August 19, 2022

F.B.I. to Investigate Gmail Attacks Said to Come From China

Mrs. Clinton characterized the charges as “very serious” and said that the Obama administration was disturbed by the charges of the attacks, aimed at stealing the passwords and monitoring the e-mail of several hundred people, including senior government officials in the United States, Chinese political activists, officials in several Asian countries, military personnel and journalists.

“We are obviously very concerned about Google’s announcement,” Mrs. Clinton said. “These allegations are very serious, we take them seriously, we’re looking into them.”

She referred reporters to Google for details, “and to the F.B.I., which will be conducting the investigation.”

It is the second time that Google has pointed to areas in China as the source of an Internet intrusion. Last year, Google said it had traced a sophisticated invasion of its computer systems to people based in China.

The accusation led to a rupture of the company’s relationship with China and a decision by Google not to cooperate with China’s censorship demands. As a result, Google decided to base its mainland Chinese search engine in Hong Kong. Its latest announcement is likely to further ratchet up the tension between the company and the Chinese authorities.

The Chinese Foreign Ministry said Thursday that the government had no involvement in any such attacks, declaring that it “consistently opposes any criminal activities that damage the Internet and computer networks including hacking and cracks down on these activities according to law.”

“Hacking is an international issue, and China is also a victim of hacking,” a Foreign Ministry spokesman said, according to an official transcript. “The claim that China supports hacking is completely created out of nothing, and is out of ulterior motives.”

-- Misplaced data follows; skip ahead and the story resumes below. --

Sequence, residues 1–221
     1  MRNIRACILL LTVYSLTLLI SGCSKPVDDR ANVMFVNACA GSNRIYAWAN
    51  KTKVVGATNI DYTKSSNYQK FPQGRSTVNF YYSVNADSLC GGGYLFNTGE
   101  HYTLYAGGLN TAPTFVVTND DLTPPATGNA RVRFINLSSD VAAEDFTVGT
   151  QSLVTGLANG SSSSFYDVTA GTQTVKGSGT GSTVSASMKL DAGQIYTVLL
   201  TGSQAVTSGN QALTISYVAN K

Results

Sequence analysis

A report by Xinhua, the state-run Chinese news agency, on the episode repeatedly questioned Google’s credibility and past practices, saying that the company “arbitrarily pointed its finger at China” with “baseless complaints.”

The Federal Bureau of Investigation confirmed that it would be reviewing the new allegations.

“We are aware of Google’s announcement regarding attempts to obtain passwords and gain access to these accounts,” said Jenny Shearer, an FBI spokeswoman. “We are working with Google to review this matter.”

The more recent attacks were not as technically advanced, relying on a common technique known as phishing to trick users into handing over their passwords. But Google’s announcement was unusual in that it put a spotlight on the scale, apparent origins and carefully selected targets of a coordinated campaign to hijack e-mail accounts.

Google said that once the intruders had logged into the accounts, they could change settings for mail forwarding so that copies of messages would be sent to another address. The company said it had “disrupted” the efforts and had notified the victims as well as government agencies. Executives at Google declined to comment beyond the blog post. The company recommended that Gmail users take additional security steps, like using a Google service known as two-step verification, to make it more difficult to compromise their e-mail accounts. But Google said that the password thefts were not the result of a general security problem with Gmail.

Google acknowledged that it had been alerted to the problem in part by Mila Parkour, a security researcher in Washington who posted evidence of a type of phishing attack on her blog in February. She documented examples of what had been described as a “man-in-the-mailbox” attack, in which the intruder uses the account of one victim and his e-mail contacts to gain the trust of a new victim.

This article has been revised to reflect the following correction:

Correction: June 2, 2011

An earlier version of this article misspelled the surname of the founder and chief technology officer of Palo Alto Networks. He is Nir Zuk, not Nir Zuck.

Article source: http://feeds.nytimes.com/click.phdo?i=5d5cf95799af88fdae6826d89c122f5b

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